When I married husband Wayne, his brother Byron warned in his wedding speech that people would mispronounce my new last name, Schneidman. He was right.
Telemarketers get it wrong more often than they get it right. Not only do they pronounce it wrong, but they stumble pathetically in the process of messing it up.
The name is pronounced SHNID-man, with a long “I” that sounds like the word “eye.” And there’s no “er” syllable in the middle; it’s not SchneidERman.
So I’m happy to introduce you to two websites that teach how to say first and last names from diverse cultures. The first is http://www.HowToSayThatName.com, and the second is http://www.pronouncenames.com.
Either one alone is a tremendous help when phoning prospects from a print directory, but the combination of the two is even better. The former has thousands of names to hear spoken by a native speaker; the latter has fewer audio files but often includes phonetic representations, which aid an English speaker who does not have a good ear in replicating the sounds. Also, with two databases, you have a greater chance of finding any unusual name you may be looking for.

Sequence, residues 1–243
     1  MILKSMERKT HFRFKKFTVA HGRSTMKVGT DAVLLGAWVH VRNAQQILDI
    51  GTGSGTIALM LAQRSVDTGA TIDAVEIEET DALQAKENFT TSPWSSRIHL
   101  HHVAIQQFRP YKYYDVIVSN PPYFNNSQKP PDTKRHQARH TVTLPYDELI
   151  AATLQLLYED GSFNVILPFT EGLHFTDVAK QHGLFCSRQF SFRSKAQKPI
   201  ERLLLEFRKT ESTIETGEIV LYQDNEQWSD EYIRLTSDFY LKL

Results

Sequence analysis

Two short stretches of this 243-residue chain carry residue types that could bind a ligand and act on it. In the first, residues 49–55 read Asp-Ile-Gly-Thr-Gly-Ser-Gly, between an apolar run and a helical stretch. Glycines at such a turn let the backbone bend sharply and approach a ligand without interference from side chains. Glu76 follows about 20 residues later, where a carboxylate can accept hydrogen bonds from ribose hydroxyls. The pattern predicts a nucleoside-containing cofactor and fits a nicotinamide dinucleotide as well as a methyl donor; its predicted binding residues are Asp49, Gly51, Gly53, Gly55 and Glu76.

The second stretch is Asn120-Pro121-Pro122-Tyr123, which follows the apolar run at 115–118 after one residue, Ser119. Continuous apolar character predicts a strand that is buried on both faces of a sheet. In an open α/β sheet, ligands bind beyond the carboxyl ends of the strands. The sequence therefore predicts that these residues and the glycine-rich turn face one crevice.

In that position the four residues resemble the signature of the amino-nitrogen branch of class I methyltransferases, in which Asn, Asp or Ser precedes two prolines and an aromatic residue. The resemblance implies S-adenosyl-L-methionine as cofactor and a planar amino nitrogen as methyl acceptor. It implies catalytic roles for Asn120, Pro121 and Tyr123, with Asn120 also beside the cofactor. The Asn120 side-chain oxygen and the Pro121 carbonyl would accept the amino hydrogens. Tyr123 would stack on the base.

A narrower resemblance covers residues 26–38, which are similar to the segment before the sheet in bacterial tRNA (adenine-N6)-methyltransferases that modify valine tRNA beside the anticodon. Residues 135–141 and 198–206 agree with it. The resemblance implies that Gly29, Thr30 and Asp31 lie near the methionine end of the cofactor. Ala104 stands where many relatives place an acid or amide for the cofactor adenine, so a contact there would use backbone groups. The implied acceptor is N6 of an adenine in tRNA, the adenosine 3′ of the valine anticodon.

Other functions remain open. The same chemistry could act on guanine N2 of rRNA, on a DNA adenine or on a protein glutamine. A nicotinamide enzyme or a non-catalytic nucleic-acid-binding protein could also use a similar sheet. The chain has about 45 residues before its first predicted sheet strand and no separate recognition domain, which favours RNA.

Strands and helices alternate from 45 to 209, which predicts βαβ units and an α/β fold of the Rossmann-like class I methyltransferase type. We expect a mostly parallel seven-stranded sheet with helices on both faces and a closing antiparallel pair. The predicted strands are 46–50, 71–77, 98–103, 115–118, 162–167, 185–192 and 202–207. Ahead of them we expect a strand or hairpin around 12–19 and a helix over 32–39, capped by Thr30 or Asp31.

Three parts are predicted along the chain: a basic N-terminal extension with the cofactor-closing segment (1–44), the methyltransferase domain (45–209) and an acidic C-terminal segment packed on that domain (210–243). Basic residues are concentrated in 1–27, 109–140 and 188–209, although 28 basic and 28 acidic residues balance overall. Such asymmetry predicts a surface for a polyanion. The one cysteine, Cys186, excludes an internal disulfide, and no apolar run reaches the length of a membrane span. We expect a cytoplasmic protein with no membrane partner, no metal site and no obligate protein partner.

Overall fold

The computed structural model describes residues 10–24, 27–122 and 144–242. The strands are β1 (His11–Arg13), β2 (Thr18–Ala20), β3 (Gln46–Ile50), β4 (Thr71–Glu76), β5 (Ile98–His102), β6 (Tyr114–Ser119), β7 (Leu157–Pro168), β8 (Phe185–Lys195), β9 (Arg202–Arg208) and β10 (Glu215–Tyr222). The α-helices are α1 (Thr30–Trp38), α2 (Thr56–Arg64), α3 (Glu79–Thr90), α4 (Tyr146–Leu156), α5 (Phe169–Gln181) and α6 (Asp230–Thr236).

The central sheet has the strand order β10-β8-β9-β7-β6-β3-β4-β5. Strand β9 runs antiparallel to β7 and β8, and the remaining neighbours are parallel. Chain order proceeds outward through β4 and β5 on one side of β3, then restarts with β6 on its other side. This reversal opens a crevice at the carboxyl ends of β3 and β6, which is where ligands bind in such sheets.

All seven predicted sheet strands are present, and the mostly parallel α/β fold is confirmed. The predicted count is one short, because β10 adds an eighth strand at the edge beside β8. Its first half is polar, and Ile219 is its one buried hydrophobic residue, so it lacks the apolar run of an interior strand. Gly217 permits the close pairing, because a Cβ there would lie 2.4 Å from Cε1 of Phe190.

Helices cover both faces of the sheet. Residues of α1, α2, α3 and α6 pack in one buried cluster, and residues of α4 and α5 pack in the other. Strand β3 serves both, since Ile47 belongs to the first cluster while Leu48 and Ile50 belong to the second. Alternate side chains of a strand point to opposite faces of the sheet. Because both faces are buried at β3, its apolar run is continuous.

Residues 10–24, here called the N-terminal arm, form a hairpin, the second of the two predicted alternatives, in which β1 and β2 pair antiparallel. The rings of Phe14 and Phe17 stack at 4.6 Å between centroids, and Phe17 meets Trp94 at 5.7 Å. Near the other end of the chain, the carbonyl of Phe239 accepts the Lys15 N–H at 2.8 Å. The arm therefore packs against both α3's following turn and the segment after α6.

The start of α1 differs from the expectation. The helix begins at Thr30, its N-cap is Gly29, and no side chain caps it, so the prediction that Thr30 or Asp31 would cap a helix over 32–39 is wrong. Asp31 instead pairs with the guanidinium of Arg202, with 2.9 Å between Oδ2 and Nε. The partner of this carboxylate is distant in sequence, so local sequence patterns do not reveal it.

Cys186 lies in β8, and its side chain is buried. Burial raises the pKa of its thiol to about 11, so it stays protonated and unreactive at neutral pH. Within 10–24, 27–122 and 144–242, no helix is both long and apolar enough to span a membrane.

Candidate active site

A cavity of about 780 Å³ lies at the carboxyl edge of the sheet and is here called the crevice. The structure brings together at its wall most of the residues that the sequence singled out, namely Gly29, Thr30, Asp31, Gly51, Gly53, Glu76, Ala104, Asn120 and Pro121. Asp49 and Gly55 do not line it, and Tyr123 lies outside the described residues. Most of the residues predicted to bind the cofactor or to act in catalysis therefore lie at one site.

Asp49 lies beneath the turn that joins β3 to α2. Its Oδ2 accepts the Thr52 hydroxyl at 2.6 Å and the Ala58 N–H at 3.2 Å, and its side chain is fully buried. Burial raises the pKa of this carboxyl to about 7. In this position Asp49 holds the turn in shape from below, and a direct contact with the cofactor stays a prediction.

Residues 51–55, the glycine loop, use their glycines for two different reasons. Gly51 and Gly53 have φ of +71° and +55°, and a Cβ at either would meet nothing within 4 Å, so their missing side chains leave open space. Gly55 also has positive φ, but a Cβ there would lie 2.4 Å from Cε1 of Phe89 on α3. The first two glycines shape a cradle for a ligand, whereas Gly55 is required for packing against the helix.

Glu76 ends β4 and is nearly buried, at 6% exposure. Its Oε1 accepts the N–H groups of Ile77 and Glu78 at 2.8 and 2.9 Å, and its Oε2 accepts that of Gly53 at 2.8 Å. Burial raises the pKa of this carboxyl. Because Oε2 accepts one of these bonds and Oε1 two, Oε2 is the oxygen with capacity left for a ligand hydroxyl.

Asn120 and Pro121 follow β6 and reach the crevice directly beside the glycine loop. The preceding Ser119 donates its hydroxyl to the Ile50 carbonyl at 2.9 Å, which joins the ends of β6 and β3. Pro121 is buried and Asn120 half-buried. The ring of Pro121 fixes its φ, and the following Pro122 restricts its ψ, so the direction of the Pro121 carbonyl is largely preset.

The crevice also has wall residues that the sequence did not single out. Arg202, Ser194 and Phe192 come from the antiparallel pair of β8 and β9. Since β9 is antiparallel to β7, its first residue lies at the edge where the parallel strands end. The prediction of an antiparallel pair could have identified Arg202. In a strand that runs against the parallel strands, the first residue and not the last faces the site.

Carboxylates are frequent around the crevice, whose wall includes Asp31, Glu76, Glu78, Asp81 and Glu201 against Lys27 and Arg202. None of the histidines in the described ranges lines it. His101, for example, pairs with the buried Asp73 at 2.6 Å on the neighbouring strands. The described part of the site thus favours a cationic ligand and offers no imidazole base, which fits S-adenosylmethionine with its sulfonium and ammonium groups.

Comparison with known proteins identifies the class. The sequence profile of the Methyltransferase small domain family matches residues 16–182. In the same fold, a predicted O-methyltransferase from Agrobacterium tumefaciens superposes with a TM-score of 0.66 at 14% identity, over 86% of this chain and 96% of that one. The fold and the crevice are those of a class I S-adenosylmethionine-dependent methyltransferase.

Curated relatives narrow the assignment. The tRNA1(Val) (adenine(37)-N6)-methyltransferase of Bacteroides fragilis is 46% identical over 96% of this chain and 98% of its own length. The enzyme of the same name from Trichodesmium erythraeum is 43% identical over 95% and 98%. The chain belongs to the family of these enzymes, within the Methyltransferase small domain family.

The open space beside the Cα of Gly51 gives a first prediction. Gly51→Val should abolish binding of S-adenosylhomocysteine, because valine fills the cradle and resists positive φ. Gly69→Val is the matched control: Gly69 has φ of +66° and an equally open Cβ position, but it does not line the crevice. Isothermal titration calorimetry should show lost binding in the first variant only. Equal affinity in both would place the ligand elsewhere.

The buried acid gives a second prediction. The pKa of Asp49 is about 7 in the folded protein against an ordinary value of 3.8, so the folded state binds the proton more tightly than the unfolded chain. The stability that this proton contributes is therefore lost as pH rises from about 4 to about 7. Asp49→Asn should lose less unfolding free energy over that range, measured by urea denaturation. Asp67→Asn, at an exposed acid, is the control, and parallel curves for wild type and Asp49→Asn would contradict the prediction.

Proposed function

Ever wonder how to pronounce “Nguyen”? The Vietnamese surname is said similarly to “win” with no “G” sound.
Or “Xu”? It’s a Chinese surname, pronounced somewhat like the English word “shoe.”
As for Schneidman, technically it’s not on either website. But Schneider is on both. And fortunately, the first syllable is pronounced the same as for Schneidman.